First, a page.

City opens applications for Sustain Evanston Incentive Program, invests in business sustainability projects


Illustration by Lily Ogburn

The program will provide grants of up to $25,000 to select businesses that pitch an idea for a sustainable project they would like to pursue.

Shannon Tyler, City Editor

When the city announced the relaunching of its Sustain Evanston Incentive Program in April, leadership at Dream to Product knew the initiative was a “dream” opportunity.

Along with product redesign, the Evanston-based company saves materials from the landfill and repurposes them into consumer products, according to Sales and Marketing Director Deborah Overbey. Evanston’s new initiative could help Dream to Product continue its efforts toward sustainability, she said.

The incentive program will provide grants of up to $25,000 to select businesses that submit an idea for a sustainable project they would like to pursue. The city is accepting proposals on a rolling basis, and the application process is open through Aug. 31.

Overbey said Dream to Product, which submitted an application to the program “right away,” proposed repurposing hard-to-recycle plastics into more durable goods like composting bins.

If the company won the grant, she said it would use the grant money to buy machines that crush single-use plastics and turn them into pellets for 3D printing.

“The entire city of Evanston can know what to do (with single-use plastics),” Overbey said. “But right now they’re still going to use them, and we have to have a better way to work with those.”

The Sustain Evanston Incentive Program reimagines an initiative that started several years ago, said Cara Pratt, the city’s sustainability and resilience manager. Pratt and Solid Waste Coordinator Brian Zimmerman were responsible for incorporating the grant into the program.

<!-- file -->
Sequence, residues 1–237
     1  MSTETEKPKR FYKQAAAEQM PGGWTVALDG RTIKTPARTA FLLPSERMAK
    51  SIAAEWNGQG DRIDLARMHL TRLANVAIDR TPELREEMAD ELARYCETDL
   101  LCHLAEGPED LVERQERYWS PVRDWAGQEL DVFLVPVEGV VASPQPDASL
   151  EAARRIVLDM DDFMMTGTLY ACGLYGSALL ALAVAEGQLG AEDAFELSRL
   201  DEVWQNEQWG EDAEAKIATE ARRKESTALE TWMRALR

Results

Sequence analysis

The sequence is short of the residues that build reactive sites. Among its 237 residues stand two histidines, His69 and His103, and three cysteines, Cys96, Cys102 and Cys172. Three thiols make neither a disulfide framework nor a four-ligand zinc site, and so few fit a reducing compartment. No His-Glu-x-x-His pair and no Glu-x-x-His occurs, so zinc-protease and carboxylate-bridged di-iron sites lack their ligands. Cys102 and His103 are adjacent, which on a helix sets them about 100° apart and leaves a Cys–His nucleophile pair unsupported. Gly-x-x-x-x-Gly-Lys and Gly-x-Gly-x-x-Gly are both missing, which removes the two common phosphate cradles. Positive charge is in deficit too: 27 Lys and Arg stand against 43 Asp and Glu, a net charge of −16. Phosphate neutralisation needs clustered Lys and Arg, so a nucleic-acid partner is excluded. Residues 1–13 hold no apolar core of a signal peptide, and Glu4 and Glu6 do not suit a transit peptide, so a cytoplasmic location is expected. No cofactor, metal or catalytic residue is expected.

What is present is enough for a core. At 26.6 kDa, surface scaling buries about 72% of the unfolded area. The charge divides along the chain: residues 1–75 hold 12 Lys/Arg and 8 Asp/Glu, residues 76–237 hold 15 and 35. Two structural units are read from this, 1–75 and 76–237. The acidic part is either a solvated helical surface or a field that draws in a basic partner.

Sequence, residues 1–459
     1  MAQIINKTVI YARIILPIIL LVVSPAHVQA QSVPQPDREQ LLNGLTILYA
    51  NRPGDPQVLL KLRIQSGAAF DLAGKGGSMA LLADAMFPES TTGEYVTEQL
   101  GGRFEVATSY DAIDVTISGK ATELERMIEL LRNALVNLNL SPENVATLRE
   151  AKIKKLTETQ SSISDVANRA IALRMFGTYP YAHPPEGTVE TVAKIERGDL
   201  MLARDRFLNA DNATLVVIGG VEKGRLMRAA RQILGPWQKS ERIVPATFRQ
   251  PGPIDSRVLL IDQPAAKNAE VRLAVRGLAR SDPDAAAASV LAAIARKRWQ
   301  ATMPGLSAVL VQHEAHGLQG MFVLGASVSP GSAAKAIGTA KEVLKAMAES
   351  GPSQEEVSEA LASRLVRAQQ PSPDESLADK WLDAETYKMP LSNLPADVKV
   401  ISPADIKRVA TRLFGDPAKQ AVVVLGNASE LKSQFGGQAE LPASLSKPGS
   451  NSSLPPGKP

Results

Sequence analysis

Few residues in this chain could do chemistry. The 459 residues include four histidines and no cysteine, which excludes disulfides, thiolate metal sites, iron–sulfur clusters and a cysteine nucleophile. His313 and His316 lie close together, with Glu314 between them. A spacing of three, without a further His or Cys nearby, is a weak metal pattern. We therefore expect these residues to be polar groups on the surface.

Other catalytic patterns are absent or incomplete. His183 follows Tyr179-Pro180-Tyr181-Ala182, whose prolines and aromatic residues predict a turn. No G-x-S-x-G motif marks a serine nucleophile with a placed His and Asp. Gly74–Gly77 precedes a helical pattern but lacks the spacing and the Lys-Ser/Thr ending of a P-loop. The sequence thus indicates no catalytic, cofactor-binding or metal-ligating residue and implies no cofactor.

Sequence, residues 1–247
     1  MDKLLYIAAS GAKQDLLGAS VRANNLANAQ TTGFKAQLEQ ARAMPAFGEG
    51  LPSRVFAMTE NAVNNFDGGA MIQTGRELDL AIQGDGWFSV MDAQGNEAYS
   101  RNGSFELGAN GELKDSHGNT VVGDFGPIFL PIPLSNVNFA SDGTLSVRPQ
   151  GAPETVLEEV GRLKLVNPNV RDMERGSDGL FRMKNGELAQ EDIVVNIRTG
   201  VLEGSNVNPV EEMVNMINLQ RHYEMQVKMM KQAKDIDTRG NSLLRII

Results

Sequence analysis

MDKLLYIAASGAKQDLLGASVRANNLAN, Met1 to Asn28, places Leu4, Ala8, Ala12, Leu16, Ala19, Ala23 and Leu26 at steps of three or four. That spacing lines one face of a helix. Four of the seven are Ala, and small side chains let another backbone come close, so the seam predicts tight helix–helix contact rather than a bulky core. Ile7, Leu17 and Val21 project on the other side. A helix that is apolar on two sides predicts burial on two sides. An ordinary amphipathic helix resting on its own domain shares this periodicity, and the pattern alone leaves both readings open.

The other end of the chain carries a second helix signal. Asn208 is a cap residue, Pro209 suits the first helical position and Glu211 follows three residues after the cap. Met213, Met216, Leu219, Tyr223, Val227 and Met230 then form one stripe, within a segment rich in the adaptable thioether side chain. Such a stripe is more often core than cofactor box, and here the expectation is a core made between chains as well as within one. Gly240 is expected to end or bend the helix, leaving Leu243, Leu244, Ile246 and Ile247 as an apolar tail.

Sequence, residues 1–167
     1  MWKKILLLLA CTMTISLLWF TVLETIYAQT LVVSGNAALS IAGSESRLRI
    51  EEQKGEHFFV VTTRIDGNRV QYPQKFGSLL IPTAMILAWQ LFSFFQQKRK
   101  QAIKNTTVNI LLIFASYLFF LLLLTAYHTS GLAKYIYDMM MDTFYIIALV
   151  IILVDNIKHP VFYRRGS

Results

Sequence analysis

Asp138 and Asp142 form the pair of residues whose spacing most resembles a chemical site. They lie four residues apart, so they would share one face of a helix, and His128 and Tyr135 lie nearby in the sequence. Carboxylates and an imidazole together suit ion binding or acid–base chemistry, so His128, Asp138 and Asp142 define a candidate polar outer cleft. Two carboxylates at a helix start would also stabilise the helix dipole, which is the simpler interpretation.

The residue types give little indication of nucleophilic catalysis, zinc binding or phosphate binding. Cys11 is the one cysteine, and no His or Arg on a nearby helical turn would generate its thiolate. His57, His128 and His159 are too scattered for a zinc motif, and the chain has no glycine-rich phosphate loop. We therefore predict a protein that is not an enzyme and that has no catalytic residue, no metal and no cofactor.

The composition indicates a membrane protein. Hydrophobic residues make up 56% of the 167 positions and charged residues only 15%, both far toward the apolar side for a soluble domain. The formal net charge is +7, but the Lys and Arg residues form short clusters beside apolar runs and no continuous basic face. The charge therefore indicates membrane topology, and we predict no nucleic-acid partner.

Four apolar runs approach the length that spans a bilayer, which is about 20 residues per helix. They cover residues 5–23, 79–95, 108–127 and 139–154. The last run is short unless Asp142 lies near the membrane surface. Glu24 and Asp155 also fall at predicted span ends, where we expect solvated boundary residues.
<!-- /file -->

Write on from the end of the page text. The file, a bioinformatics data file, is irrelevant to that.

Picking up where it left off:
The Sustain Evanston program was first implemented in 2019 to recognize and award businesses taking steps to be sustainable, Pratt said. Dream to Product has been one of those businesses since 2019.

But, Pratt said she and Zimmerman wanted the program to have a greater impact on both the environment and local businesses. The pair was able to secure $250,000 for Sustain Evanston in the city’s 2023 fiscal year budget to revamp the initiative and fund the grants.

“We imagined Sustain Evanston to be a grant program for businesses to do essentially any project that aligns with our Climate Action and Resilience Plan,” Pratt said.

CARP was approved by City Council in 2018 and aims to decrease carbon emissions in Evanston by 50% by 2025 and 100% by 2050. Five years after the legislation passed, the city is still exploring ways to meet the goals outlined in CARP.

However, without support from the local government, many sustainability improvements would be too costly for some businesses, said Aina Gutierrez, executive director of Rebuilding Exchange, an Evanston-based nonprofit social enterprise that sells reused construction materials.

Gutierrez said Rebuilding Exchange, which has been recognized as a sustainable business by Sustain Evanston since 2019, found the initiative’s sustainability goals to be easily attainable since they aligned with the company’s business goals. She added the new grants will allow more businesses the opportunity to be more sustainable.

“A lot of people are willing to, they’re interested and eager to do this, they just don’t have the budget for it,” Gutierrez said. “I think there could be a lot of impact in helping grow sustainability in the community.”

For its grant proposal, Gutierrez said her company would be interested in investing in electric vehicle infrastructure like a charging station at its store. Rebuilding Exchange plans to submit its application to the Sustain Evanston Incentive Program soon, Guiterrez said.

Pratt added the city’s website also features ideas businesses can pursue in their grant proposals, but applicants from any industry are also free to pursue their own ideas as long as they align with the city’s CARP goals.

“I think it’s our responsibility as a city to help our business community access both financial resources and educational materials to understand how to align with (our) climate action resilience plans,” she said.

Email: [email protected]

Twitter: @shannonmtyler

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